Port of Seattle suspends cruise ship season “until the resolution of the public health emergency.”

The Norwegian Bliss arrives at Bell Street Pier Cruise Terminal on its maiden voyage to Seattle on May 30, 2018. The Port of Seattle announced this week its cruise ship season would be delayed “until the resolution of the public health emergency.” (Photo courtesy Port of Seattle)

The Port of Seattle announced this week its cruise ship season would be delayed “until the resolution of the public health emergency.” It’s another variable in the indefinite suspension of Alaska’s cruise season.

According to a spokesperson with Cruise Lines International Association Alaska, cruise ships were expected to make 199 port calls in Seattle, carrying more than a million passengers. Most would have gone through Alaska.

However, the big ships were already effectively barred from sailing in Alaska after Canada closed its ports to cruise ships through July 1. That’s because of a maritime law that prohibits foreign-flagged cruise ships from exclusively visiting U.S. ports.

Cruise giant Royal Caribbean also announced a longer suspension of its global fleet this week. Due to port closures, the company says it doesn’t expect any Alaska or Canada sailings until July 1. The company had planned to send three ships to Alaska: the Ovation of the Seas, Radiance of the Seas and Serenade of the Seas.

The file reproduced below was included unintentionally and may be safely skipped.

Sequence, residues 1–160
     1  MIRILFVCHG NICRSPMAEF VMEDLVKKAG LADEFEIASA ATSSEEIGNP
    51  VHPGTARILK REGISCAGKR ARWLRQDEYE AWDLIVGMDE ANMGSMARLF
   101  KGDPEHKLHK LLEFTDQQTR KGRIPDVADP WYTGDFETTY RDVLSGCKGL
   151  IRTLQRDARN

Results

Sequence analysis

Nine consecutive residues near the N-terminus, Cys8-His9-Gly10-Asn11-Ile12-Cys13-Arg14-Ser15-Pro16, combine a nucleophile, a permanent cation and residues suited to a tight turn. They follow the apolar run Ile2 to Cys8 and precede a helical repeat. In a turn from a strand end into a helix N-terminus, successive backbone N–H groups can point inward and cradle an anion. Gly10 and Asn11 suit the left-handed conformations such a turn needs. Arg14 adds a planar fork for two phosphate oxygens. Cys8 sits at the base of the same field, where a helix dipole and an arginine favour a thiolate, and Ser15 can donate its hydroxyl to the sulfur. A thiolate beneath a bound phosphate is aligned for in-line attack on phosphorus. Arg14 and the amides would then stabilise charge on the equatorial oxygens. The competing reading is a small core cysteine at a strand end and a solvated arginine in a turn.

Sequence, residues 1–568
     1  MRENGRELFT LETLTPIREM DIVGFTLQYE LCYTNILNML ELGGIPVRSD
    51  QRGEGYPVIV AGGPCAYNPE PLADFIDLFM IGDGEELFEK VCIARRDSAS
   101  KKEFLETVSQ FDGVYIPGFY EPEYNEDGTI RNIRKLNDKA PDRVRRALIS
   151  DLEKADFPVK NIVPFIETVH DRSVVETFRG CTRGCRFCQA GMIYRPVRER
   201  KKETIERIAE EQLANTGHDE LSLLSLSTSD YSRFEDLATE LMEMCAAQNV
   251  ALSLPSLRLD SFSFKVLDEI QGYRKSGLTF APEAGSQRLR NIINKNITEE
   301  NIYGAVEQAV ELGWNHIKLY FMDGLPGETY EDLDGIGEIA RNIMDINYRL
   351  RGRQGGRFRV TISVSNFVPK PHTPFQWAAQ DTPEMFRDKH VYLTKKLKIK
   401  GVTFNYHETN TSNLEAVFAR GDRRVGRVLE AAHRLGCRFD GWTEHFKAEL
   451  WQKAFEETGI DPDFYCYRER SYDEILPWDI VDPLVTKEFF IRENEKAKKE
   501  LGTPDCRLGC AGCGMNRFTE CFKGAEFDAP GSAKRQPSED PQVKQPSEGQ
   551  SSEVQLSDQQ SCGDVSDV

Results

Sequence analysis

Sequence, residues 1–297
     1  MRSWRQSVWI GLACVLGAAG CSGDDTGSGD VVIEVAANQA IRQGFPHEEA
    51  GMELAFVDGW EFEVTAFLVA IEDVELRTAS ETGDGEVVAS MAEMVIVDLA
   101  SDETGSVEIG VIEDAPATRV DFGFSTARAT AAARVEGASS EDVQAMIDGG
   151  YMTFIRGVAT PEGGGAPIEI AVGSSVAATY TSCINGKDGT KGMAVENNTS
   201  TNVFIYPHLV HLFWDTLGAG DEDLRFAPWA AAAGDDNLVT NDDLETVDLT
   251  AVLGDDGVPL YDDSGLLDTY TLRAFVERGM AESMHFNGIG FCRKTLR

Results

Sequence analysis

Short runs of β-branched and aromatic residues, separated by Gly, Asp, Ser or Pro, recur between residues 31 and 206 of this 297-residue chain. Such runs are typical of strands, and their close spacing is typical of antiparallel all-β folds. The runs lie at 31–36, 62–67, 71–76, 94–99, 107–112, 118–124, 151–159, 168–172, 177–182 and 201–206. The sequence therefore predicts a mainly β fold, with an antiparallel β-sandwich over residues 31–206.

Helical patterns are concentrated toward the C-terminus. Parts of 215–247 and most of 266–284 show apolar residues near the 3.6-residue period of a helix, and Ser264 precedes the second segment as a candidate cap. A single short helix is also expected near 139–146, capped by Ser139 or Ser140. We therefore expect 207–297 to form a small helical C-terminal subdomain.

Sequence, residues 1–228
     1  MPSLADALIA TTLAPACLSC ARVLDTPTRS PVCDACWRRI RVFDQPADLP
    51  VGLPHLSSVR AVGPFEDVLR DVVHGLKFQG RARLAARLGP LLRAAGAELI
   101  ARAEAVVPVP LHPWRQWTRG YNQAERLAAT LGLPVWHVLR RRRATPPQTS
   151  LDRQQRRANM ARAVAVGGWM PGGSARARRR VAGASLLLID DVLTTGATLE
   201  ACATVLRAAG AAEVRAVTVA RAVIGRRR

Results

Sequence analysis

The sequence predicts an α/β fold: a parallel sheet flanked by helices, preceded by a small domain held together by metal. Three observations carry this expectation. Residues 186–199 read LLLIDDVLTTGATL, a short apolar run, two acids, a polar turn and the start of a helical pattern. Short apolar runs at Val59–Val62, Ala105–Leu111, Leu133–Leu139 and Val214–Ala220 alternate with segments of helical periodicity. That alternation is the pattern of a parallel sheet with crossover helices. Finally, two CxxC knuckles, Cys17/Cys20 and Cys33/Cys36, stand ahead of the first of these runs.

Just a week earlier, Royal Caribbean was touting the 2021 debut in Alaska and Seattle of its Quantum of the Seas. A press release describes the tech-heavy vessel as the world’s “first smartship.”

Port of Seattle Commission President Peter Steinbrueck said the decision to block cruise ships from berthing followed a strong recommendation from public health officials not to let cruise ships into port.

Related: Canada closes ports to large cruise ships until July, causing ‘enormous problem’ for Alaska industry

Follow the most recent coverage of coronavirus in Alaska here

Jeremy Hsieh is the deputy managing editor of the KTOO newsroom in Juneau. He’s a podcast fiend who’s worked in journalism since high school as a reporter, editor and television producer. He ran Gavel Alaska for 360 North from 2011 to 2016, and is big on experimenting with novel tools and mediums (including the occasional animated gif) to tell stories and demystify the news. Jeremy’s an East Coast transplant who moved to Juneau in 2008.

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